Global Cooperation Research Papers 28, Duisburg 2021
Keywords: blockchain, technology, finance, governance, legitimacy
Meeting on the second anniversary of the Paris Agreement signing in 2017, the United Nations Climate Change Secretariat founded the Climate Chain Coalition (CCC). Backed by a number of multi-stakeholder groups like the Blockchain for Climate Foundation, the Ottawa-based CCC promotes the ‘blockchainization’ of the Paris Agreement. What kind of ‘cooler’ world do blockchain-based climate governance projects conjure? This paper scrutinizes the shared visions materializing across climate finance experiments, locating them largely within existing individualistic imaginaries rather than more collectivistic alternatives. It finds the imaginaries of ‘cool’ technological experimentation to fall short in materializing broader input and more effective output required to overcome the legitimacy crisis facing market-led climate governance.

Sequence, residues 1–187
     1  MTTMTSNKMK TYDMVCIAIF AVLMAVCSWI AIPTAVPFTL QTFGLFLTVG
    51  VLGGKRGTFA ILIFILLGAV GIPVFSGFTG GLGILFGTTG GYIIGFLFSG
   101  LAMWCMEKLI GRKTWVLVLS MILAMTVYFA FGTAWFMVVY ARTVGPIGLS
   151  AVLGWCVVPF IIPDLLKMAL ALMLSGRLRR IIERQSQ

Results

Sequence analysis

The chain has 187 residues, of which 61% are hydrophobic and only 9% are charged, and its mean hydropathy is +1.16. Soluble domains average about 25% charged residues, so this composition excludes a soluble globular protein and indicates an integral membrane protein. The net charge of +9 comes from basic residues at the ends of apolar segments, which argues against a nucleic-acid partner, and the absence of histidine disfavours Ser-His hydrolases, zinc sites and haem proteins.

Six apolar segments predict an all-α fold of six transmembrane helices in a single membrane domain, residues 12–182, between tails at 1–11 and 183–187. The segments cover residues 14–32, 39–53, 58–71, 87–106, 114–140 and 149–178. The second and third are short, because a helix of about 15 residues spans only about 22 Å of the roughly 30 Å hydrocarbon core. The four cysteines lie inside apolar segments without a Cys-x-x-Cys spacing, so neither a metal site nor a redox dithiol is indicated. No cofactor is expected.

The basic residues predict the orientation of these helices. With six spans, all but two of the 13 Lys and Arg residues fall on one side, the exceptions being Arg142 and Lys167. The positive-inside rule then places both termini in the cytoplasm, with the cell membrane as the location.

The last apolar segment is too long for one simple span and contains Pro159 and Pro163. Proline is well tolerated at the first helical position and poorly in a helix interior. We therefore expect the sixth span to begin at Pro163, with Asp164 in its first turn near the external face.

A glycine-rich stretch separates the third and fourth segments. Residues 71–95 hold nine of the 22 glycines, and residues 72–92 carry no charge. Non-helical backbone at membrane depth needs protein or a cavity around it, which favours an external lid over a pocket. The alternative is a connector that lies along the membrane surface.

Malcolm Campbell-Verduyn is senior research fellow at the Käte Hamburger Kolleg / Centre for Global Cooperation Research, University of Duisburg-Essen, Germany, and assistant professor in International Political Economy at the University of Groningen. He researches the on-going and varying implications of big data and blockchain technologies at the intersections of global environmental, financial and security governance. He is the editor of Bitcoin and Beyond: Cryptocurrencies, Blockchains and Global Governance (Routledge, 2018) and author of Professional Authority After the Global Financial Crisis: Defending Mammon in Anglo-America (Palgrave MacMillan, 2017).